Cancún Climate Summit Gives Fossil Fuels a Free Pass

Burning just 25 per cent of proven reserves is road to climate disaster scientists say

By Stephen Leahy*

CANCÚN, Mexico, Dec 7, 2010 (Tierramérica)

The main cause of climate change is the burning of fossil fuels, so why are billions of dollars being invested to find and produce more oil, coal and natural gas?

That is the question posed by Canadian indigenous representatives at the alternative civil society meet, Klimaforum, held parallel to the United Nations-sponsored climate summit under way in the Mexican resort city of Cancún.

“Canada’s tar sands project emits 40 million tonnes of carbon every year, with ambitious growth plans pushing that to nearly 140 million tonnes by 2020. The entire country of Denmark emits just 52 million tonnes,” said Melina Laboucan- Massimo.

The activist comes from the Lake Lubicon Cree band of First Nations in the province of Alberta, where thousands of square kilometres of tar-laden soil and sands underlying pristine boreal forests and marshes are being mined.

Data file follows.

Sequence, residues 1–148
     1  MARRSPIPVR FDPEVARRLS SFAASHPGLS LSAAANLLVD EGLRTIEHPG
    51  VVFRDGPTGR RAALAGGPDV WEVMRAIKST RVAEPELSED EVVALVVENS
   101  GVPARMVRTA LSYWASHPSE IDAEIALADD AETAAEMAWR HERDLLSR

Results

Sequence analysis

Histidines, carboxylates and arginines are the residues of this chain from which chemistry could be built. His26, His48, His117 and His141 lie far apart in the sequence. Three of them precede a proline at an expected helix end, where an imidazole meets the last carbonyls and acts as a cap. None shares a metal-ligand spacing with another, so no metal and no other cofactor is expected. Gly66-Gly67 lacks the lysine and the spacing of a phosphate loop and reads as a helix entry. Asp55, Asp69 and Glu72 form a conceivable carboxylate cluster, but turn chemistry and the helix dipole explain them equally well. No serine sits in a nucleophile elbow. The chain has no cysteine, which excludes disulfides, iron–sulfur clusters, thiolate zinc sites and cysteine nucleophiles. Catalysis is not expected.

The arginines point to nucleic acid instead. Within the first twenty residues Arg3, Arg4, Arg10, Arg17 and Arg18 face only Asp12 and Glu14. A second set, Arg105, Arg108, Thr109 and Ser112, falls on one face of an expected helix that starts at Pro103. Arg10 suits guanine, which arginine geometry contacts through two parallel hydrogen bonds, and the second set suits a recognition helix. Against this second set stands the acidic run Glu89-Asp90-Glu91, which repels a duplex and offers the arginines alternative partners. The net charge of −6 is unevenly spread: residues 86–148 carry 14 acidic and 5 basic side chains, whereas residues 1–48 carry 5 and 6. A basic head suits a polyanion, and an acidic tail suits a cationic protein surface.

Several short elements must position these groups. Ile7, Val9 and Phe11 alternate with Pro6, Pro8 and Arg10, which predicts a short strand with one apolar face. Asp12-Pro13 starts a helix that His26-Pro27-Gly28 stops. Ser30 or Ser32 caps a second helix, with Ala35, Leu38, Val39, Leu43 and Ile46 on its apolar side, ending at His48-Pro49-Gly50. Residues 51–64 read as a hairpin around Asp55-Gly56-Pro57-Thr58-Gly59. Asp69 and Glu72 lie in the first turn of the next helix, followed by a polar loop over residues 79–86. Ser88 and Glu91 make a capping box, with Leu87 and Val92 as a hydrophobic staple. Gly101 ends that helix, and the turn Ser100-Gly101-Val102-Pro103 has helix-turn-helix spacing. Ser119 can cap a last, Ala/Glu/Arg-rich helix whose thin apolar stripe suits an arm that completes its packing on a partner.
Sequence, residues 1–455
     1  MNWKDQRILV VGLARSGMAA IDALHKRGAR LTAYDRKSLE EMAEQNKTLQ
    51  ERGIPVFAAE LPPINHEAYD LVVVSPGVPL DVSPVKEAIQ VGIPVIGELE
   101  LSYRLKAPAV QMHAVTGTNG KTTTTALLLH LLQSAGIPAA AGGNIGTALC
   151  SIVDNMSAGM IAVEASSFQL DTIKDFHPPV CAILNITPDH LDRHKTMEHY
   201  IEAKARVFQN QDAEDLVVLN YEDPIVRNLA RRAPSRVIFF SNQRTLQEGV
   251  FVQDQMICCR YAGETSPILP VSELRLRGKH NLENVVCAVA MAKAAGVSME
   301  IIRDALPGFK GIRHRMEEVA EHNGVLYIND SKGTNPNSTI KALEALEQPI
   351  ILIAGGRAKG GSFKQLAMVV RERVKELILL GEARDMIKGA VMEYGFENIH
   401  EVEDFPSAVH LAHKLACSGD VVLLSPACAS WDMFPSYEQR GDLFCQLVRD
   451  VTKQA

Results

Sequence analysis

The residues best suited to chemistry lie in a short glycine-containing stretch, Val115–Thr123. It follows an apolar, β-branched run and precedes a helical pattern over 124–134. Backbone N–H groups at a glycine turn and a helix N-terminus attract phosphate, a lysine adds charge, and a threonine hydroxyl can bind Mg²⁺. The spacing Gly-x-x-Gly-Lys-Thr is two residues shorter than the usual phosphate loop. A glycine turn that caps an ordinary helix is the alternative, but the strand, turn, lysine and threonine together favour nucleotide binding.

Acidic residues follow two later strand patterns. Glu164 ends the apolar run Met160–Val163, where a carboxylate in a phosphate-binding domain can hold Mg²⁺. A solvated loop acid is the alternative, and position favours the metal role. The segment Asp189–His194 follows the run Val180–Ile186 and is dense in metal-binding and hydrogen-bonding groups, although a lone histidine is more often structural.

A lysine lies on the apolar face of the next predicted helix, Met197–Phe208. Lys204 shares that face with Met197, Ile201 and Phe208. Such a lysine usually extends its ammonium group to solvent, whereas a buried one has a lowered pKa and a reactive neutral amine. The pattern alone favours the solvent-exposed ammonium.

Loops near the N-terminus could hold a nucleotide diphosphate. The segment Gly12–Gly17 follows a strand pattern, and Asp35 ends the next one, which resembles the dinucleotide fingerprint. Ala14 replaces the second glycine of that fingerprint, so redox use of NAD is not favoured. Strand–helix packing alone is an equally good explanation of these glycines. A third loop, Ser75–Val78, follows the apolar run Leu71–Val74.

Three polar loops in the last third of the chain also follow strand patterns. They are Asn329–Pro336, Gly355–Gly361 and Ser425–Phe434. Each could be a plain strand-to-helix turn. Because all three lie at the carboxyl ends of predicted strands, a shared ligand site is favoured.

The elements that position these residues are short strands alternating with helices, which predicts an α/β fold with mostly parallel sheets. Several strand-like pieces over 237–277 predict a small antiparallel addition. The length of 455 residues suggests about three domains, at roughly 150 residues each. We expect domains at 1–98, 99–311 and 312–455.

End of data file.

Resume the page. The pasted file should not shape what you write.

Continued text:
Canada is not being censured for this flagrant disregard for the global climate at the 16th Conference of Parties (COP 16) to the UN Framework Convention on Climate Change, she said.

The nearly 200 national delegations gathered for COP 16 (Nov. 29-Dec. 10) aim to stabilise emissions of greenhouse- effect gases to prevent climate change, but there is little hope of success.

In fact, at the Cancún summit no country is being challenged for expanding operations of oil, coal or natural gas or looking for new deposits.

Burning just one-quarter of the proven reserves of oil, gas and coal will push the global climate beyond the two degrees Celsius of average warming, scientists have predicted.

This article was brought to you in part by J. Bowers of the United Kingdom

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